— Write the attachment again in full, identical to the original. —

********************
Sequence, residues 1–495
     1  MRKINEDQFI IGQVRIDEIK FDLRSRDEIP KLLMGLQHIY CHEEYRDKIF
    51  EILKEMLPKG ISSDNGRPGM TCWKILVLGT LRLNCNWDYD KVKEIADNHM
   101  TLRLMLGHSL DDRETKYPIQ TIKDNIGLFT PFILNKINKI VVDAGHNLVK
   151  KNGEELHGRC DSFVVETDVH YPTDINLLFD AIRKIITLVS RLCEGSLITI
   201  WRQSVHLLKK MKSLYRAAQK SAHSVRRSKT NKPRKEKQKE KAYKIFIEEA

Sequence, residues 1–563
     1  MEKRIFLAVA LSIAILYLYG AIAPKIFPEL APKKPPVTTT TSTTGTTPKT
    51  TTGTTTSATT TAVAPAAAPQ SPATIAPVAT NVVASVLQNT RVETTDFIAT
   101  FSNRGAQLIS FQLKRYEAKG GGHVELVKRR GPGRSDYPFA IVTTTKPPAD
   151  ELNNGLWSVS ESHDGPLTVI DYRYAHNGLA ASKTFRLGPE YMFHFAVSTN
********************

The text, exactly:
Sequence, residues 1–495
     1  MRKINEDQFI IGQVRIDEIK FDLRSRDEIP KLLMGLQHIY CHEEYRDKIF
    51  EILKEMLPKG ISSDNGRPGM TCWKILVLGT LRLNCNWDYD KVKEIADNHM
   101  TLRLMLGHSL DDRETKYPIQ TIKDNIGLFT PFILNKINKI VVDAGHNLVK
   151  KNGEELHGRC DSFVVETDVH YPTDINLLFD AIRKIITLVS RLCEGSLITI
   201  WRQSVHLLKK MKSLYRAAQK SAHSVRRSKT NKPRKEKQKE KAYKIFIEEA

Sequence, residues 1–563
     1  MEKRIFLAVA LSIAILYLYG AIAPKIFPEL APKKPPVTTT TSTTGTTPKT
    51  TTGTTTSATT TAVAPAAAPQ SPATIAPVAT NVVASVLQNT RVETTDFIAT
   101  FSNRGAQLIS FQLKRYEAKG GGHVELVKRR GPGRSDYPFA IVTTTKPPAD
   151  ELNNGLWSVS ESHDGPLTVI DYRYAHNGLA ASKTFRLGPE YMFHFAVSTN